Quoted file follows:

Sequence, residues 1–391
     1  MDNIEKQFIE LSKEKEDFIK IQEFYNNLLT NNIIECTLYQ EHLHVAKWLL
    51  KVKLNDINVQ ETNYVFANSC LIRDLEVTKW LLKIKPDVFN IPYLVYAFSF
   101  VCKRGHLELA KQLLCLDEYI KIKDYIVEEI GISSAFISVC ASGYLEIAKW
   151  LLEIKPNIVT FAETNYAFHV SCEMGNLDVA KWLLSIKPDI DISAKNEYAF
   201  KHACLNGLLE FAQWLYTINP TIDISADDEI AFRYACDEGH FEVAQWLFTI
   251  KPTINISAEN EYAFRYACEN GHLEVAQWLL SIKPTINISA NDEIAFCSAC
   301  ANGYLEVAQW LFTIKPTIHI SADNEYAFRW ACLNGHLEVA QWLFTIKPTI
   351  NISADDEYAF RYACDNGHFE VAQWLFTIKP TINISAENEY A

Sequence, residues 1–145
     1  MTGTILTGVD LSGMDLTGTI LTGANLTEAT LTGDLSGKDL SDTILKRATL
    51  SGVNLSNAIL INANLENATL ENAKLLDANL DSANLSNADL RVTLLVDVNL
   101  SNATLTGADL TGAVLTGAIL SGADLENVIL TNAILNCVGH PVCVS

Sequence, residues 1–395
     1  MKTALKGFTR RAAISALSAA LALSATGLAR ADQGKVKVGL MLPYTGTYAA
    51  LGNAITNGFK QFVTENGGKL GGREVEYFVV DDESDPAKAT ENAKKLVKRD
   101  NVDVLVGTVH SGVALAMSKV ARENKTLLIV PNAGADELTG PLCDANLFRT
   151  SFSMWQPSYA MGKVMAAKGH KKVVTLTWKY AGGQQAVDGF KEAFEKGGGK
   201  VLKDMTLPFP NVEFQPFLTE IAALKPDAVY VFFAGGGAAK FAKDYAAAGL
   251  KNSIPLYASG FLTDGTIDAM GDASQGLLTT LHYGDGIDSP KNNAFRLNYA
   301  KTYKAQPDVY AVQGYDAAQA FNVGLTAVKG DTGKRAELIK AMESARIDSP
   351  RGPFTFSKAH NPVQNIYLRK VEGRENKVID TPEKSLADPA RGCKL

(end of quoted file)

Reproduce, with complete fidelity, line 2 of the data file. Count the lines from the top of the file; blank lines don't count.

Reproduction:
     1  MDNIEKQFIE LSKEKEDFIK IQEFYNNLLT NNIIECTLYQ EHLHVAKWLL